Boole - Ancestors & Descendants

Boole Crater on the Moon

Crater Boole & Planets


This view of crater Boole is shown courtesy of  satellite images at 

http://www.cmf.nrl.navy.mil/cgi-bin/clementine/clib/features/lunar_fea.pl

Data Associated with Boole

Latitude: 63.7 degrees

Longitude: 87.4 degrees

Size: 63 kilometers

Type: CRATER

Page courtesy of Boole descendant Michael McCrohan

Crater Boole is named after George Boole, the mathematician who invented Boolean logic. It is at Latitude 64 degrees North, longitude 87 degrees West. It sits near the top left edge of the Moon as seen from Earth’s Northern Hemisphere; at the bottom right as seen from the Southern Hemisphere.

The Boole crater is very difficult to see for two reasons. Firstly it is only about 63 kilometres across (40 miles), and when you consider that the entire Moon is about 3500 kilometres across, crater Boole is tiny in comparison, and impossible to see without a telescope.

Secondly, crater Boole is right on the edge of the moon’s disc as seen from Earth, so it can only be seen under very favourable circumstances, when that edge of the moon happens to be slightly tilted in the right direction (an effect called libration). When it can be seen, it appears as a very thin elongated ellipse.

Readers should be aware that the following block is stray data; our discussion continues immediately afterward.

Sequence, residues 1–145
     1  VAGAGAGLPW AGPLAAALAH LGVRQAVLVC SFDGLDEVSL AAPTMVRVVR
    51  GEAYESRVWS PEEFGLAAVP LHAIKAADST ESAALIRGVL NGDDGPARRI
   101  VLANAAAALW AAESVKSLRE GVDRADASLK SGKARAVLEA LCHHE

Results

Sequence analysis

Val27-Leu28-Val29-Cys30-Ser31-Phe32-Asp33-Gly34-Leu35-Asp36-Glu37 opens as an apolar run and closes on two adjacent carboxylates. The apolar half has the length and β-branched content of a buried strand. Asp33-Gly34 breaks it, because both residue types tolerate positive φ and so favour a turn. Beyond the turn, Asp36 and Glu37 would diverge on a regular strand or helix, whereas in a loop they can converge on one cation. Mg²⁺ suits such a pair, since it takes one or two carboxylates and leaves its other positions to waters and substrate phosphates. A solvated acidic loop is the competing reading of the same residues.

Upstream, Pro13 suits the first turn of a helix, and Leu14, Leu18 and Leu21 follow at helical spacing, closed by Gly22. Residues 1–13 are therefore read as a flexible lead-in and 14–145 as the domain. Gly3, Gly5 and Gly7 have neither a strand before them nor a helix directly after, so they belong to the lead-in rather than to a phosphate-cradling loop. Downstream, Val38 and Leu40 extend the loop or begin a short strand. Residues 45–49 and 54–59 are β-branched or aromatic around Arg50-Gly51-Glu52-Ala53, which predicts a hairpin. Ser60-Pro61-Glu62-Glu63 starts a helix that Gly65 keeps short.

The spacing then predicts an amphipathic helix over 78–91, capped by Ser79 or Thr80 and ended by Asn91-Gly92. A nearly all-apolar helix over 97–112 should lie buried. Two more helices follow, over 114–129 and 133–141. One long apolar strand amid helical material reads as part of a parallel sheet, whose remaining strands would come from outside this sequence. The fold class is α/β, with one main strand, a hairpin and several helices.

Crater Boole is in the company of some other very eminent mathematicians. Nearby are craters such as Pythagoras and Babbage.

In addition to the Boole crater, there are two Boole related minor planets.

Tracking of minor planets or asteroids has become important in recent years as astronomers realise the danger of one of them colliding with earth, as has happened in the past every few thousand years.  These are basically sizeable rocks hurtling around in space, that could do untold damage if they hit us.  The vast majority, when tracked, are found to be in orbits that could never intersect with earth.  As of 2009, with the help of automated computer systems, about 200,000 have been discovered, of which about 18,000 have so far been given names.

Minor planet number 2032  was discovered in 1970, and named Ethel, after Ethel Lilian Boole/Voynich, writer.  It is about 36 Km across, and far too small to be seen with the naked eye.

Minor planet number 17734 was discovered in 1998, and named Boole, after George Boole, mathematician, Ethel Voynich’s father.  It is even smaller than Ethel, only a few Km across, and also far too small to be seen with the naked eye.

Both these Boole related minor planets are orbiting the sun between the orbits of Mars and Jupiter, and unlikely ever to come near Earth, unless deflected from their orbits for some reason.